Content is probably the most mild out of the three Mummy pictures. Sure there are plenty of CGI dead corpses running around in broad daylight, but none of it is scary or even really handled all that intensely. Language is mild, with the worst being a handful of uses of the “a” word and a pair of “S.O.B’s,” but there is a surprising addition of innuendo in this film that wasn’t really present in Sommers’ films (I’m not counting the naked-with-just-paint-on Anak-Su-Namun in the first film, but more so dialog here). We also see Evie in her nightgown briefly as she tries to come on to Rick, only to find he’s sitting in his chair asleep (which concludes that scene). By way of violence, there’s plenty of it, with only a few instances being particularly gross or even slightly gory (see the content breakdown at the end of this review for details). Compared to the scarabs scurrying under peoples’ skin in the first two or grotesquely depicted instances where Imhotep sucked his victims dry, the worst of Tomb Of The Dragon Emperor is considerably more toned down or entirely synthetic in execution. However, it’s still not suitable for a younger audience — although the intelligence of the script may be.
I could probably write on and on about what I thought was wrong and disappointing about Rob Cohen’s latest travesty entitled The Mummy: Tomb Of The Dragon Emperor, but I’ll save both you and me the time and wrap things up here. With contrived family tension and romantic drama between Alex and a mysterious girl trying to stop the Emperor from coming back to life (ugh, please… do we need forced romance?), often painful effects or over-the-top action and monsters, even more embarrassingly campy and stupid moments and dialog, and a weak and amateurish script (from the guys who somehow also brought us the far more superior Spider-Man 2 script?!), The Mummy: Tomb Of The Dragon Emperor seems to fail in almost every way possible. Considering there’s been seven years between Returns and Tomb, there seems little room to make excuses for messing up a third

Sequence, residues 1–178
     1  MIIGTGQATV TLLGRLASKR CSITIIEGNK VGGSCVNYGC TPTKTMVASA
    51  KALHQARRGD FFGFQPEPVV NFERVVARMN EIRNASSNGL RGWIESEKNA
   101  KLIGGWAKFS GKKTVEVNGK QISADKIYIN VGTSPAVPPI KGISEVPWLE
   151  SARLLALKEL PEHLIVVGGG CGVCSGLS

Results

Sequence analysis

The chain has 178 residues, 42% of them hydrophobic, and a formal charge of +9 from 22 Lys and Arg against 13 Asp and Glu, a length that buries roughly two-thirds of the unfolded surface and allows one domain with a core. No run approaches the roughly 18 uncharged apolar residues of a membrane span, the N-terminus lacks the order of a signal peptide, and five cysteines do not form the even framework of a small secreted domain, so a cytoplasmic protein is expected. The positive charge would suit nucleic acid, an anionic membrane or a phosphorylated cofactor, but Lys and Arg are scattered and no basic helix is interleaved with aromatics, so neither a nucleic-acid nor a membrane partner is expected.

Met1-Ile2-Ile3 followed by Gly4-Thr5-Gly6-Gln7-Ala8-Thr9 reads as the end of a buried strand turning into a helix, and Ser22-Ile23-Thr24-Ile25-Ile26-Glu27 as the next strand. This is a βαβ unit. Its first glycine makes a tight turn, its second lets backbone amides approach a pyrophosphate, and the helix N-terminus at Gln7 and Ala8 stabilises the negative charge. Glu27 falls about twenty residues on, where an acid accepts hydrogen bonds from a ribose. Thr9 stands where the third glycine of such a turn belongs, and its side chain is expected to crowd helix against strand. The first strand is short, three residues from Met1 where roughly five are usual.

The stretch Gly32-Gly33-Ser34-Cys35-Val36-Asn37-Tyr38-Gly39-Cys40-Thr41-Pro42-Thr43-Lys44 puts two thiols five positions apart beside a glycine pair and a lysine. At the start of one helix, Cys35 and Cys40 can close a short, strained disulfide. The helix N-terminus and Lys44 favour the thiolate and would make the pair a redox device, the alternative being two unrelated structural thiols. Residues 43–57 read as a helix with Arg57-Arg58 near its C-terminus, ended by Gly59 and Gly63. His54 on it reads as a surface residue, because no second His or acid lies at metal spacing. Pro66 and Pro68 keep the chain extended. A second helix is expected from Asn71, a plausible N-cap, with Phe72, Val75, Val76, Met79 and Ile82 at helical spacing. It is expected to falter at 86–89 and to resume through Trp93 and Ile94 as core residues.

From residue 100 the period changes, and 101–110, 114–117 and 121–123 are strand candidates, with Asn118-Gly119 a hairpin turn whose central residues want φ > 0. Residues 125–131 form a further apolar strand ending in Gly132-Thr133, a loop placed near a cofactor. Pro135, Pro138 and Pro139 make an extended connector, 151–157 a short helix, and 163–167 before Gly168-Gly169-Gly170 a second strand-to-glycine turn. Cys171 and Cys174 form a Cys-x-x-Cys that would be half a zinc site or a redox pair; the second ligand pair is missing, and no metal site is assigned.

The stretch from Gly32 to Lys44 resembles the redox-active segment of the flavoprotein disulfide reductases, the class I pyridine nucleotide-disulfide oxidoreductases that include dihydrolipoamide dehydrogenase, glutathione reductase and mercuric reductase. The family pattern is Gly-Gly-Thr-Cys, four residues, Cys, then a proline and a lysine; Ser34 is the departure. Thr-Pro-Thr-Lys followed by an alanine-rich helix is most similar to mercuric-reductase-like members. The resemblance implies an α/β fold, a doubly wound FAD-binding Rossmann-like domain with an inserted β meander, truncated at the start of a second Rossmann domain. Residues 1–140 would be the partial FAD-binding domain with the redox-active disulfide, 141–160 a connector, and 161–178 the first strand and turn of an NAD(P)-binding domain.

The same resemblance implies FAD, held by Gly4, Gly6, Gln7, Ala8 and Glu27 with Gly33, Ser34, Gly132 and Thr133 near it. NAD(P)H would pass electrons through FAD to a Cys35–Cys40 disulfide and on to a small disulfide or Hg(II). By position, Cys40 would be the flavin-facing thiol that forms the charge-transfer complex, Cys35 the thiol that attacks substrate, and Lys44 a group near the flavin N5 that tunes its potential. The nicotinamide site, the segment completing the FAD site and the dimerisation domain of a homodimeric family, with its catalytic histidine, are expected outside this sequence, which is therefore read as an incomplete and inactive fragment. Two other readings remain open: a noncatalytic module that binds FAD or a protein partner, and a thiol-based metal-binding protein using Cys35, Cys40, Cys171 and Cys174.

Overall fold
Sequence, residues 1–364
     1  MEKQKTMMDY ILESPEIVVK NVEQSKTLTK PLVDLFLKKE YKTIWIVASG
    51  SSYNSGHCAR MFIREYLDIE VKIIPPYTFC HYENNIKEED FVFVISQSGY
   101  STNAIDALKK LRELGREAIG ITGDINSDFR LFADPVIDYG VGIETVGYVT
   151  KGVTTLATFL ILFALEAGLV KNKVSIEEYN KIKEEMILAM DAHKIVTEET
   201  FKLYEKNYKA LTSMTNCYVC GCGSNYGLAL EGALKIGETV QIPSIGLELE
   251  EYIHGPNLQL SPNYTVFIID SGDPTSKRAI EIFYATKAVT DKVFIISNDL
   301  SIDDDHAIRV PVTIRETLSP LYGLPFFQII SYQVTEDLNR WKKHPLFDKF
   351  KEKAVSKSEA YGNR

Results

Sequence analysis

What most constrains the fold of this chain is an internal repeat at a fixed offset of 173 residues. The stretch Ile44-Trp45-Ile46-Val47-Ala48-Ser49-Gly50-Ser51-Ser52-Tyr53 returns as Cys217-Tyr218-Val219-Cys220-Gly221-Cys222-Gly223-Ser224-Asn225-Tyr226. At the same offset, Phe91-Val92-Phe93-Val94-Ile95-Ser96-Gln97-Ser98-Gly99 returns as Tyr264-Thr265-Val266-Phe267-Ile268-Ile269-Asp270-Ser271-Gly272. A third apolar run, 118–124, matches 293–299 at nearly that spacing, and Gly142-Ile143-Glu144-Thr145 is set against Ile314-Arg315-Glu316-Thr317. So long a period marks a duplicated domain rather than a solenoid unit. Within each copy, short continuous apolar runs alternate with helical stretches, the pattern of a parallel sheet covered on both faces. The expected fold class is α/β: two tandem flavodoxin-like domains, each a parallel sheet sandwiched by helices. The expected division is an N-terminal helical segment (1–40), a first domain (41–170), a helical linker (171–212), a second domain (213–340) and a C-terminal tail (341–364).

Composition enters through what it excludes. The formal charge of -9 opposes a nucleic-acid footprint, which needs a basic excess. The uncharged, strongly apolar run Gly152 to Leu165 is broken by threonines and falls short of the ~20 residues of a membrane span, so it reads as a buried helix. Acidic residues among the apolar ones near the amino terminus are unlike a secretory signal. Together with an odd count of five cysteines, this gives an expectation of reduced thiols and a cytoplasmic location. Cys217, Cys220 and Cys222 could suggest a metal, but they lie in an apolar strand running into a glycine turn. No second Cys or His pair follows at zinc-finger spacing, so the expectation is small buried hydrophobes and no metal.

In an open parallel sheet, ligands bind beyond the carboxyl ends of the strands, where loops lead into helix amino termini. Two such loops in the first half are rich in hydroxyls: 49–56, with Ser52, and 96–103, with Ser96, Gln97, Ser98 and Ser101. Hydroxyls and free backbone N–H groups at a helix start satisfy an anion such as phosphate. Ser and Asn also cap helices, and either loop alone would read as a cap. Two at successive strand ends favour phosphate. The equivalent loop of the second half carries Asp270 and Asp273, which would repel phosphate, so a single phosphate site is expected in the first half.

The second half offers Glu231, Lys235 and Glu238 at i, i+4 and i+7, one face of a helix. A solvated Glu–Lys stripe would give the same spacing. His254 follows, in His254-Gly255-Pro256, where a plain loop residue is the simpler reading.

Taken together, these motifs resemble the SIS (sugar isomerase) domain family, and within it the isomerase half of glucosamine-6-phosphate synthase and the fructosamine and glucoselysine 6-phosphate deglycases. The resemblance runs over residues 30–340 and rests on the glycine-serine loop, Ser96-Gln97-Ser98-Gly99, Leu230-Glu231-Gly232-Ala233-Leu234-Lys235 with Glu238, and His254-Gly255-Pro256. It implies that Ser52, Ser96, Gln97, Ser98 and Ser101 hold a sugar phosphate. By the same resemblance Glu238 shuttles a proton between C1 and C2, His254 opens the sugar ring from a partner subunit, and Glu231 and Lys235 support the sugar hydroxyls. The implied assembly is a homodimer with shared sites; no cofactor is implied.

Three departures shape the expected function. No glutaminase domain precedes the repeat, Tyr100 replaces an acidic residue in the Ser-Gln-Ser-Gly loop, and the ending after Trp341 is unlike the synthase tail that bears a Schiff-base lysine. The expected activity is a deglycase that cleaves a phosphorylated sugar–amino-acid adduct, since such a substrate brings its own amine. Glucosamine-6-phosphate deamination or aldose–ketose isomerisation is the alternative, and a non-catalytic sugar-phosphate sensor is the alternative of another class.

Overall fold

installment (but the same could be said for the nineteen year gap between Last Crusade and Kingdom of the Crystal Skull earlier this summer). Still, I have to admit some of the action sequences were fun – mainly when things were attempting to be played straight, and it was fun to see Rick O’Connell in action once again, but I just can’t help but feel insulted and cheated by this unsatisfying summer blunder. Save the money you would waste on this and buy a better movie or go see one you enjoyed for the second time. Should anyone actually decide to bring these characters to the big screen yet again (which I doubt after this one seems destined to crash and burn miserably at the box office), here’s a tip — drop the mummy storyline, get a real director and a script worth filming, and give people something worth watching. Fraser works as O’Connell… we just need a story worth telling and a movie worth watching.
– John DiBiase, (reviewed: 8/1/08)
Parental Guide: Content Summary
Sex/Nudity: When Evie complains about writer’s block, Rick suggests she meet him upstairs for a little “inspiration” (meaning sex); Evie then comes downstairs in a robe and nightgown and sees Rick sitting in his armchair. She tries to talk about their previous adventures in a way to entice him but she finds him asleep; In Jonathan’s nightclub, Alex sees a woman and starts to go after her but Jonathan warns him that she’s been around with a lot of guys (using a double meaning); Alex tells Evie that he’s had plenty of experience with women (implying maybe that he’s romanced a few — sadly, he’s not much older than his late teens, early twenties in this movie)